Spouse: Mary Newman ?-1581 / Elizabeth Sydenham 1562-?
Parents: Edmund Drake 1518-1585 & Mary Mylwaye ?-?
Siblings: John c.1552-1573 / Thomas 1556-1606 / Edward c.1550-1568 / Joseph c.1554-1572 / William c.1525-c.1581
Noble Connections: He was awarded a knighthood by Elizabeth I in 1581. Drake’s godfather was Francis Russell, Earl of Bedford. He was made a naval officer by John Hawkins, who was pivotal in the Armada expedition. Continue reading →
Event– Marriage of Henry VIII and Katherine of Aragon Year– 1509 Location– Greenwich Palace, England
The wedding of Henry VIII and Katherine of Aragon isn’t as well-known as their very public divorce. Katherine was the widow of Henry’s older brother, Arthur, who had died in 1502. Henry would later allege that this was an impediment from which the Pope couldn’t dispense.
Katherine and Henry had been betrothed for 6 years by the time that they married, and it wasn’t certain that they would marry even after the betrothal. When Katherine’s mother, Isabella of Castile, died Katherine was seen as less valuable on the marriage market as she was no longer the product of a united Spain. Henry VII began to look elsewhere for a bride for his son.
When Henry VII died in 1509 Katherine’s fortunes changed overnight and the marriage negotiations were successfully brought to an end in May 1509. The marriage licence was issued by the Archbishop of Canterbury, William Warham, on 8 June 1509.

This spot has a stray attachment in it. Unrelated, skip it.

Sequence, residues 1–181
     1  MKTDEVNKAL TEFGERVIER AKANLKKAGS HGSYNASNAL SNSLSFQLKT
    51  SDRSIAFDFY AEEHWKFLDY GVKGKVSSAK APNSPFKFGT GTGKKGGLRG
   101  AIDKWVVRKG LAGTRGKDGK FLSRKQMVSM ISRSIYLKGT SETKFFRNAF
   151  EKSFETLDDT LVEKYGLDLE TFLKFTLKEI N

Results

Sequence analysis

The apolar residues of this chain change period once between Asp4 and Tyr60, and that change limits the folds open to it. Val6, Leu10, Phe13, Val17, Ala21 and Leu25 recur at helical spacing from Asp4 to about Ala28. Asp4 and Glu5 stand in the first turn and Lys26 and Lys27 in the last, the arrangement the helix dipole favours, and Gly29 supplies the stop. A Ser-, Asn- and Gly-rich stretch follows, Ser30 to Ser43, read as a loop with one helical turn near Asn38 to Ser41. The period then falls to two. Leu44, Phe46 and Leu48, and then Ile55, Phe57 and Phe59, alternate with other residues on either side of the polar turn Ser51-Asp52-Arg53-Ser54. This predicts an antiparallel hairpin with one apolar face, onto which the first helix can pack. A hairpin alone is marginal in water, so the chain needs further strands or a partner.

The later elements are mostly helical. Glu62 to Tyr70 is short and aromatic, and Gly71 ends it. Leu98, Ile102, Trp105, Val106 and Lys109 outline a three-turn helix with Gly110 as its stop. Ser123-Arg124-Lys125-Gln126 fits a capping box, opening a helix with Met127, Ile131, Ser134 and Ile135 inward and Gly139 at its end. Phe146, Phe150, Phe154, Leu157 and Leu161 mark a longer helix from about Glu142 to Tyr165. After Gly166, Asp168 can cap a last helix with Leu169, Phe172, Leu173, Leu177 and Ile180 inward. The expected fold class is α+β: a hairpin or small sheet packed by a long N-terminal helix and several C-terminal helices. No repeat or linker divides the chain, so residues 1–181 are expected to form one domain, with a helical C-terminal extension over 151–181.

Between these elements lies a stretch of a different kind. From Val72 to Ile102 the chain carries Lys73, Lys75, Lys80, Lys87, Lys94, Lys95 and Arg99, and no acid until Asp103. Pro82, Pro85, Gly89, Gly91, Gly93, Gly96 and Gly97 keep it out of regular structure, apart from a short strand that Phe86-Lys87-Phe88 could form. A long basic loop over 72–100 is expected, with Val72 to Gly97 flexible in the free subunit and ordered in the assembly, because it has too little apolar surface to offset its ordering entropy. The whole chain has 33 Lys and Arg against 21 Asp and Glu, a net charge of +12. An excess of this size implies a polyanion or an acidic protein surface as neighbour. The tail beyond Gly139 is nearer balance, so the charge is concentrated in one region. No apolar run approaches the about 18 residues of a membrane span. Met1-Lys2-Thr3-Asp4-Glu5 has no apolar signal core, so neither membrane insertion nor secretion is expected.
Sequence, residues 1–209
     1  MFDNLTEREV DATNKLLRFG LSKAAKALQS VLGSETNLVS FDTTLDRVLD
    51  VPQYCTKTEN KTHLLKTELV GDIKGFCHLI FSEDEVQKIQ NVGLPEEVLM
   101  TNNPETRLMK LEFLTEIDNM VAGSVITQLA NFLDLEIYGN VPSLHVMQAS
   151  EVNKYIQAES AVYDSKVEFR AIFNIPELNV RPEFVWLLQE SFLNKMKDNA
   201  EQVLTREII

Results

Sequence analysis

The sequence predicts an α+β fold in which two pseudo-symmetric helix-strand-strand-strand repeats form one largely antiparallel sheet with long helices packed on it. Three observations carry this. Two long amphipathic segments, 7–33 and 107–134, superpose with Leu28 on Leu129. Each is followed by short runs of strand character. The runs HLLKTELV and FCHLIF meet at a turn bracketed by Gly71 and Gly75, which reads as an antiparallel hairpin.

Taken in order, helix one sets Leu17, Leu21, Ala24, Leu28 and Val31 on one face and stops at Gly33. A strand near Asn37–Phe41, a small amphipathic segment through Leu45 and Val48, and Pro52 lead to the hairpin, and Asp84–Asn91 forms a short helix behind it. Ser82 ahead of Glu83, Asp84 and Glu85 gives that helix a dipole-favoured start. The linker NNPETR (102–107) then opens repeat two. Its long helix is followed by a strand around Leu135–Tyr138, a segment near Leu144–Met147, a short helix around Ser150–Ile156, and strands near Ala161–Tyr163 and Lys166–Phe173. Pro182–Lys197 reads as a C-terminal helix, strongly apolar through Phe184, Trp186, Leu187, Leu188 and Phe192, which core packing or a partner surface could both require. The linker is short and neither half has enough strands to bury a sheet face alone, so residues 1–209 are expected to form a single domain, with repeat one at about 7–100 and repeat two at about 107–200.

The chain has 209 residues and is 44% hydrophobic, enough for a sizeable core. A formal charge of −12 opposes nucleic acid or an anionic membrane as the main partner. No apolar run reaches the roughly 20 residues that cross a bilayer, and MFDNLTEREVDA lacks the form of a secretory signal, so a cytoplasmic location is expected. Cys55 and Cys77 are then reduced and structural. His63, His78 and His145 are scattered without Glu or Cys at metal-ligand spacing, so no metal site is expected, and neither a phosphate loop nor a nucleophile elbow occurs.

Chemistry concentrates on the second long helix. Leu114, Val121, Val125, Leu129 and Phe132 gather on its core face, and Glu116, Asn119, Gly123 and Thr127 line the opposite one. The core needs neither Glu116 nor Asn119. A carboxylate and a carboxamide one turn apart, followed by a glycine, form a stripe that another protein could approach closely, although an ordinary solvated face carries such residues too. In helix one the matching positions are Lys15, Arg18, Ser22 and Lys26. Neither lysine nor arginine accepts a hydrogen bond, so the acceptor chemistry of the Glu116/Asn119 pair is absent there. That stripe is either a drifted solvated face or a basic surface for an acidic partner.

The marriage was a private ceremony in the queen’s closet at Greenwich Palace on 11 June 1509 with just a couple of witnesses in attendance. Katherine was aged 23 and Henry just 18 – she was beautiful still and he was in his prime. The marriage wasn’t only a love match (it was rumoured that Henry wanted Katherine when she was married to Arthur), but a political one as well.
As soon as the wedding itself was over, preparations were made for their joint coronation which happened just a couple of weeks later.
Amy Licence, Catherine of Aragon: an Intimate Life of Henry VIII’s True Wife (2016)
Garrett Mattingley, Catherine of Aragon (1960)
David Starkey, Six Wives: the Queens of Henry VIII (2004)
Giles Tremlett, Catherine of Aragon: Henry’s Spanish Queen (2011)
Alison Weir, The Six Wives of Henry VIII (1991)
Birth / Death: c. November 1431 – 21 December 1495
Spouse: Catherine Woodville c.1458-1497
Parents: Owen Tudor c.1400-1461 & Catherine of Valois 1401-1437
Siblings: Edmund Earl of Richmond 1430-1456 / Edward ?-?
Noble Connections: Jasper Tudor was a half-brother to Henry VI, as a son of Catherine of Valois from her second marriage, as well as being uncle to Henry VII, and brother-in-law to Margaret Beaufort. His mother-in-law was Jacquetta of Luxembourg and his sister-in-law was Elizabeth Woodville. Continue reading →
Anne Boleyn was arrested on 2 May 1536 and sent to the Tower of London, accused of adultery, incest and treason. She was tried and found guilty of all charges against her on 15 May 1536 with the sentence pronounced as burning or beheading at the king’s pleasure.
Anne’s so-called lovers were executed on 17 May – Mark Smeaton, Henry Norris, William Brereton, Francis Weston and her brother, George Boleyn. All had been found guilty of adultery with Anne. Richard Page and Thomas Wyatt were arrested but never charged with anything. They were released after the executions.